Good morning from the Montelucia Resort & Spa in Scottsdale Arizona. Now, I know what you are thinking but there are no bathing suits or golf clubs involved here (at least not for me.) I am attending the 2011 Midmarket CIO Summit hosted by CDM Media.
This three day event is designed to enable senior business and technology professionals to interact, discuss and learn about key issues and developments across a variety of industries. While there are a few keynote speakers scheduled, the majority of the sessions will be smaller, intimate meetings including discussions with thought leaders, round tables and think tanks. There are also some scheduled one on one sessions with the sponsoring vendors.
I was invited to attend this event and asked to conduct one of the think tank sessions. My focus will be on the topic of cloud computing and, in particular, the security concerns and issues around its use. I was recommended by my good friend Larry Bonfonte, CIO at the US Tennis Association. Larry knows about my work with the Cloud Computing Consortium at Stevens and that I have written and presented on this topic several times. He suggested I do one here and the fine folks at CDM agreed. I am scheduled to conduct my session early Tuesday morning just after the morning speaker.
I arrived at the resort early enough to participate in the Executive CIO think tank conducted by Nick Eshkenazi, CIO of SanMar Corp. The moderator did a terrific job seeding the discussion with a few broad questions which led quickly to a litany of common concerns among the large group of people around the table. While we didn't solve many problems, the group did go deeper on a few topics including governance, demand management, and business intelligence.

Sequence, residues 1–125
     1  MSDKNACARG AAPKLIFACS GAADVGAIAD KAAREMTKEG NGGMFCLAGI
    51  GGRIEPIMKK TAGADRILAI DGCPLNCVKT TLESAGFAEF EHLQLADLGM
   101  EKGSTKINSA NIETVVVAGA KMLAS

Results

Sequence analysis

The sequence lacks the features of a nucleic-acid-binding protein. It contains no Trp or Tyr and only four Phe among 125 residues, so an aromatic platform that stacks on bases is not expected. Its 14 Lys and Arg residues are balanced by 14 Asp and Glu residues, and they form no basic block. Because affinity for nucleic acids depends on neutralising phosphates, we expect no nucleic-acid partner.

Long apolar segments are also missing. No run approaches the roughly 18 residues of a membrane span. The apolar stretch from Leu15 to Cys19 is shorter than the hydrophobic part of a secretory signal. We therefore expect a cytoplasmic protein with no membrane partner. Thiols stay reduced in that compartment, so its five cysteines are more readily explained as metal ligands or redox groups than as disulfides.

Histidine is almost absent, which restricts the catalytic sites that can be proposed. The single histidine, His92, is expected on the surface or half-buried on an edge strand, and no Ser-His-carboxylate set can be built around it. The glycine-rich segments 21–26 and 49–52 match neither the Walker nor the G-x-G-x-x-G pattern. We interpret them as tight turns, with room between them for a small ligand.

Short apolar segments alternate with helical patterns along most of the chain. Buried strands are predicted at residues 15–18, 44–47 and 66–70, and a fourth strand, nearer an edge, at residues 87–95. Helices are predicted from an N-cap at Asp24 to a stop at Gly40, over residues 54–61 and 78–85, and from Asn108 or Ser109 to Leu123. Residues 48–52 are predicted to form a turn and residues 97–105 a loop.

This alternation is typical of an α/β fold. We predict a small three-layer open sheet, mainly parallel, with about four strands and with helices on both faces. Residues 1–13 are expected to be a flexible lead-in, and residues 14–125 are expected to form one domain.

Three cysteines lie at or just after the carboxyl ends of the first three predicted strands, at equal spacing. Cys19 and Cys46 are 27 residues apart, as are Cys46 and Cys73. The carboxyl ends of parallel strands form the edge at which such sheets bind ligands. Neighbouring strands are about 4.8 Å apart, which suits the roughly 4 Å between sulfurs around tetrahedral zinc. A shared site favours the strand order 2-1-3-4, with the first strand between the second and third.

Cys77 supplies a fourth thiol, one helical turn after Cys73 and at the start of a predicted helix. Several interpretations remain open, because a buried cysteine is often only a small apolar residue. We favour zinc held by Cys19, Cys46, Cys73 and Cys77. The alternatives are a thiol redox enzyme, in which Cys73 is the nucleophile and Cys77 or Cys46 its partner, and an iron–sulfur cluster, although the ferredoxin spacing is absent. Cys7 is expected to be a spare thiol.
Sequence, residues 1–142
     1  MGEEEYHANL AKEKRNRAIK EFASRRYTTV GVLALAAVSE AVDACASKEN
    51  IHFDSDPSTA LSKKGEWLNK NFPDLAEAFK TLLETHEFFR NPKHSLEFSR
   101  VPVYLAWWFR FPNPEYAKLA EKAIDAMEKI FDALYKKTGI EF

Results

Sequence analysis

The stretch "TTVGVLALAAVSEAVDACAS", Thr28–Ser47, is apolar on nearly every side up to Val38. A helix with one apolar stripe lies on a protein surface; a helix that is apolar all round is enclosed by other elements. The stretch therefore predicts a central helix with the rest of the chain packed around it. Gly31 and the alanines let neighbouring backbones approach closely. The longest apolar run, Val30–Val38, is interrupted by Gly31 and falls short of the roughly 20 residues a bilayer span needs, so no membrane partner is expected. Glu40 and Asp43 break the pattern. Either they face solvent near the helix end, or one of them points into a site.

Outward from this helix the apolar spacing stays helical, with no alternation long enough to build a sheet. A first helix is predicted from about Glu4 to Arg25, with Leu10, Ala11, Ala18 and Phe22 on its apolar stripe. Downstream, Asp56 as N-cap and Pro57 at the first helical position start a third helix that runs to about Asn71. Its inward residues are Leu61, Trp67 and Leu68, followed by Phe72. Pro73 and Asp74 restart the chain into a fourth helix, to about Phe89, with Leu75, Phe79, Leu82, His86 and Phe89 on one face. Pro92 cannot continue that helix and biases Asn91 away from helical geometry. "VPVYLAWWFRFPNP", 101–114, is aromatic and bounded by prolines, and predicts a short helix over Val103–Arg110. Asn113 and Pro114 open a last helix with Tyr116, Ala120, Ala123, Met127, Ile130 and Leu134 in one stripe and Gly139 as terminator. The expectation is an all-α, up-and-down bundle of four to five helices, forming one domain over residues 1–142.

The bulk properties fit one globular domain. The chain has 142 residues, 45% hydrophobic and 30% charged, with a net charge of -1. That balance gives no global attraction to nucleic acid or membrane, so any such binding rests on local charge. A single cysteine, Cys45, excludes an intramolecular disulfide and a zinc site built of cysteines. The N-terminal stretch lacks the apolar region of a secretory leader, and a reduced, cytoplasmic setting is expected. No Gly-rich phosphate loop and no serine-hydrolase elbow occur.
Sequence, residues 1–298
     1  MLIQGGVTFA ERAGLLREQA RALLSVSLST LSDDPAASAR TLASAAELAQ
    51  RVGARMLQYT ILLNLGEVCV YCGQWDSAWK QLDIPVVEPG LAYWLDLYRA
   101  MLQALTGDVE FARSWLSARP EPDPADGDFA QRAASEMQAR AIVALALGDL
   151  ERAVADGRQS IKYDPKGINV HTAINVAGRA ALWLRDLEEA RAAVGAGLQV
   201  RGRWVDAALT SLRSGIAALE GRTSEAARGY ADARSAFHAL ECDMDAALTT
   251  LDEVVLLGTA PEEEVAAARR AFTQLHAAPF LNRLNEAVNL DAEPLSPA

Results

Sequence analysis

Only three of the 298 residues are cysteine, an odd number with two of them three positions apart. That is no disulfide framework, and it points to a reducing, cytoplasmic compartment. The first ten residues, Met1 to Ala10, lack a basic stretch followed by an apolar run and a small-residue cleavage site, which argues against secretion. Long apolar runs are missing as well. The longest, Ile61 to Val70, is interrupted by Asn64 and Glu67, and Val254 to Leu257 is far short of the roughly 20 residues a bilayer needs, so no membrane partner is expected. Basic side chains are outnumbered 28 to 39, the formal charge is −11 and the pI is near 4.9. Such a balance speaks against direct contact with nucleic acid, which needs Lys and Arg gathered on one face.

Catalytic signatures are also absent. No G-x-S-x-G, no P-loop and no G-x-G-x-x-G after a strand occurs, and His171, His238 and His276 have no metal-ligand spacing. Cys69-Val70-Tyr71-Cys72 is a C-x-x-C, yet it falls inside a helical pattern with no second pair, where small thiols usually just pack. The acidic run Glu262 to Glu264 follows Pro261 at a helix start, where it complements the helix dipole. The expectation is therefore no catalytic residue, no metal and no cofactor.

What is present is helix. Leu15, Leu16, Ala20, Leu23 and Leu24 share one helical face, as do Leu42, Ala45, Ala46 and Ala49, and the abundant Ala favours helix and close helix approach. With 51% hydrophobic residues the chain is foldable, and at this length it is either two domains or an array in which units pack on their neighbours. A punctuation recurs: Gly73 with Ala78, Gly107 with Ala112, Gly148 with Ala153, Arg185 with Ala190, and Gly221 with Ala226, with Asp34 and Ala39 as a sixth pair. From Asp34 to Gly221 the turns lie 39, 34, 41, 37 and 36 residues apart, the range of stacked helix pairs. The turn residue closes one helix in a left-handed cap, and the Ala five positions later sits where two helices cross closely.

The conference officially opened in the evening with a welcome reception and terrific dinner.
As always, throughout the conference, I try to capture anything of interest that can be conveyed in 140 characters or less. If possible, I will tweet during the session, starting with the topic and session leader so any comments will be in context. Since the groups are small it may not always be possible to contribute and tweet at the same time. Moreover, participants may object.
The event is sponsored by loads of hardware, software and service providers, some familiar and others new to me. If I encounter anything extraordinary there I will pass that along as well, although more likely in the form of a column and not a tweet. I really enjoy conversations with vendors in these more relaxed settings when they are in information exchange mode, and they are not trying to close a deal.
Naturally, the event is sprinkled with plenty of short breaks and networking sessions where some of the most interesting and unique exchanges usually take place. I won't be tweeting out what the folks are talking about in the halls between sessions. I tend keep most of those juicy tidbits to myself.
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